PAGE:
In this collection of thirty-eight chiseled short stories, George Thomas Clark introduces readers to actors, alcoholics, addicts, writers famous and unknown, a general, a lovelorn farmer, a family besieged by cancer, extraterrestrials threatening the world, a couple time traveling back to a critical battle, a deranged husband chasing his wife, and many more memorable people and events.
Hitler Here is a well researched and lyrically written biographical novel offering first-person stories by the Fuehrer and a variety of other characters. This intimate approach invites the reader to peer into Hitler’s mind, talk to Eva Braun, joust with Goering, Goebbels, and Himmler, debate with the generals, fight on land and at sea and in the air, and huddle in the death camps as, everywhere, civilization is consumed.
Joseph McCarthy says he’s a tough and dedicated guy in the boxing ring and U.S. Senate. Richard Nixon denies he’s an awkward, resentful, and paranoid president. Fidel Castro asserts he’s an appealing and inevitable historical character while embracing megalomania. And all three frigid warriors tell their stories as they fight again.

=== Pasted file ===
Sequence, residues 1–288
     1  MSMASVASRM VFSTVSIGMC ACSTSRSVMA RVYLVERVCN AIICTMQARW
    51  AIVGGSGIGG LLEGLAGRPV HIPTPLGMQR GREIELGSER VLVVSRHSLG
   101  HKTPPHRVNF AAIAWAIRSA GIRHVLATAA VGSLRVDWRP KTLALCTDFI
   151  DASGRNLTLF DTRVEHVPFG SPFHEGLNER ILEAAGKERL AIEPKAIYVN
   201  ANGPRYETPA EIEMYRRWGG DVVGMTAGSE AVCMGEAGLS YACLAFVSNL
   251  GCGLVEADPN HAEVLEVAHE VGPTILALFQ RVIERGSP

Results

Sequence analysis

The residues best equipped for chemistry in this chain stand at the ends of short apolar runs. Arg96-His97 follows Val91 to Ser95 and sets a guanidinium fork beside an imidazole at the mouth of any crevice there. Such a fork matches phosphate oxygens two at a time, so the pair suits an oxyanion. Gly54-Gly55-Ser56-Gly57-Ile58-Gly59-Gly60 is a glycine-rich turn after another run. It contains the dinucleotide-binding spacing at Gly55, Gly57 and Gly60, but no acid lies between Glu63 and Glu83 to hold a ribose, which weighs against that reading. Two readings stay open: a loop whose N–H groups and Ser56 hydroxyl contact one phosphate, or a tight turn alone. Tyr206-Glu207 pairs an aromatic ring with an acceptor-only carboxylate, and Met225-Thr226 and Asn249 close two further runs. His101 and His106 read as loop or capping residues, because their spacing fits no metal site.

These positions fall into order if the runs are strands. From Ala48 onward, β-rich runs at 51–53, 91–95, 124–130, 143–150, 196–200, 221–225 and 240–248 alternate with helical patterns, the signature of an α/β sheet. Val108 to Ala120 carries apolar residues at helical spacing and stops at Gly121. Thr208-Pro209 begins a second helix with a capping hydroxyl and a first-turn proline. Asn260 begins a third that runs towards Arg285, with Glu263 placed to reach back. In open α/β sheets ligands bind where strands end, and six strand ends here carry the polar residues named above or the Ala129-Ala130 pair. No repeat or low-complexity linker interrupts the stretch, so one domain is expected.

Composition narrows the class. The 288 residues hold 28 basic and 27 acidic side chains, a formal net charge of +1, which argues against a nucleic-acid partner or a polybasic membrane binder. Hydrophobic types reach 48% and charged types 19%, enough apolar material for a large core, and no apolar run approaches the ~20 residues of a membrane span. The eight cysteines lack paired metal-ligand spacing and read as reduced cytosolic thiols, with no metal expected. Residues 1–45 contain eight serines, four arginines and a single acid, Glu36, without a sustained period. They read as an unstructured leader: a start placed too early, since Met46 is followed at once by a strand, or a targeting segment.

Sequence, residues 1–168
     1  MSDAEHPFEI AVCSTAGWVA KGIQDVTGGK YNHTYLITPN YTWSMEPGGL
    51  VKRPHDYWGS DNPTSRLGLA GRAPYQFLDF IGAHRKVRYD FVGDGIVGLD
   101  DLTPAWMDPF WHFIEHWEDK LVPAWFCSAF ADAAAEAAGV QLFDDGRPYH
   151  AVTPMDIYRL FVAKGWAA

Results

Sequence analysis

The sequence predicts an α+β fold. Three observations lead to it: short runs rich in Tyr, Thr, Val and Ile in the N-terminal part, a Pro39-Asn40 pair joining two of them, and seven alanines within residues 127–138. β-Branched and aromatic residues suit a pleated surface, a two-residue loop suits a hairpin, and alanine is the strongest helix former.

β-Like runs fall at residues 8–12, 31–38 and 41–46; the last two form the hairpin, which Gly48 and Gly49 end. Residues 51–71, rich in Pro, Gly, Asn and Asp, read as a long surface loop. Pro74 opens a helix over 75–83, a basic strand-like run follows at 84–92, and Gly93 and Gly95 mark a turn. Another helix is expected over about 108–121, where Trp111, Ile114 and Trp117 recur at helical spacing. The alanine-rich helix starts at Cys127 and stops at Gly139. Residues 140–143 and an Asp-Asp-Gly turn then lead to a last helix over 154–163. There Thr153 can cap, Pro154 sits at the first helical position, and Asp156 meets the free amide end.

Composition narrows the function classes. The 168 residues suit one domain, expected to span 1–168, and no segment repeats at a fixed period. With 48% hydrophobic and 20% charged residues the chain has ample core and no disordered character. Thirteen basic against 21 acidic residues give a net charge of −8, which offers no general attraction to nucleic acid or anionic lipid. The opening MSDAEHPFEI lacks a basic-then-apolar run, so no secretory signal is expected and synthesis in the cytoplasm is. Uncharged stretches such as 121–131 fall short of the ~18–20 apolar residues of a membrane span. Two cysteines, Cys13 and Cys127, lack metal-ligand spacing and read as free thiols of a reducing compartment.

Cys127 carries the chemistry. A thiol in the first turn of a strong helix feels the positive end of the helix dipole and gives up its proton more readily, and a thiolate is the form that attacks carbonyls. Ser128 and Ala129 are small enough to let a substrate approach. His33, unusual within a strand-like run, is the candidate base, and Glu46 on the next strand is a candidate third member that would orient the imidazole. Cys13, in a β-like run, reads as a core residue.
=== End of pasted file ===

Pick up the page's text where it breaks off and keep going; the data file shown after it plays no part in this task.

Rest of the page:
Category Archives: William H. Johnson
On a sultry afternoon first summer of the Twentieth Century in Florence, South Carolina, Alice Johnson is cleaning house for an affluent white man who tells his wife and two kids go on over to her sister’s for awhile. Minutes later he appears behind Alice and says, “No more cleanin today,” grabs shoulders to turn […]
(A major feature about painter William H. Johnson, 1901-1970, will be posted later this spring.) I wish William H. Johnson, gifted painter of a unique world, were at this party honoring young African American artists, staged by the foundation bearing his name, at an elegant old two-story home near the Wilshire district in Los Angeles. […]